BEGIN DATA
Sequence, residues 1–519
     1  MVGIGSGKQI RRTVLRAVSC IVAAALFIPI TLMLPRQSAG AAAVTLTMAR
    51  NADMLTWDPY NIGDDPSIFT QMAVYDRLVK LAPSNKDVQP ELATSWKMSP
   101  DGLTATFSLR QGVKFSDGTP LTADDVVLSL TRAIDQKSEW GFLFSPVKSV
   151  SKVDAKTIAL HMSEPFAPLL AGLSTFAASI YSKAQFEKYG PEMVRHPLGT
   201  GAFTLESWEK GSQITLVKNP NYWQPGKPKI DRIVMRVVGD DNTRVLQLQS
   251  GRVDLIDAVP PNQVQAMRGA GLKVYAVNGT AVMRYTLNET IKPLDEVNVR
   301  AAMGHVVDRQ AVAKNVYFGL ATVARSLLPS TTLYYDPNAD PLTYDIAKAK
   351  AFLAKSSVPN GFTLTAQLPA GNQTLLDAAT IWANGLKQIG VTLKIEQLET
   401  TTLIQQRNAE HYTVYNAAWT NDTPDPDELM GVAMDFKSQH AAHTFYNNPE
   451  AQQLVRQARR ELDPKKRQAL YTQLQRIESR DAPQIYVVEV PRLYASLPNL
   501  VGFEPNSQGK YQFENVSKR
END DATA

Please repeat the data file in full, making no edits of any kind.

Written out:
Sequence, residues 1–519
     1  MVGIGSGKQI RRTVLRAVSC IVAAALFIPI TLMLPRQSAG AAAVTLTMAR
    51  NADMLTWDPY NIGDDPSIFT QMAVYDRLVK LAPSNKDVQP ELATSWKMSP
   101  DGLTATFSLR QGVKFSDGTP LTADDVVLSL TRAIDQKSEW GFLFSPVKSV
   151  SKVDAKTIAL HMSEPFAPLL AGLSTFAASI YSKAQFEKYG PEMVRHPLGT
   201  GAFTLESWEK GSQITLVKNP NYWQPGKPKI DRIVMRVVGD DNTRVLQLQS
   251  GRVDLIDAVP PNQVQAMRGA GLKVYAVNGT AVMRYTLNET IKPLDEVNVR
   301  AAMGHVVDRQ AVAKNVYFGL ATVARSLLPS TTLYYDPNAD PLTYDIAKAK
   351  AFLAKSSVPN GFTLTAQLPA GNQTLLDAAT IWANGLKQIG VTLKIEQLET
   401  TTLIQQRNAE HYTVYNAAWT NDTPDPDELM GVAMDFKSQH AAHTFYNNPE
   451  AQQLVRQARR ELDPKKRQAL YTQLQRIESR DAPQIYVVEV PRLYASLPNL
   501  VGFEPNSQGK YQFENVSKR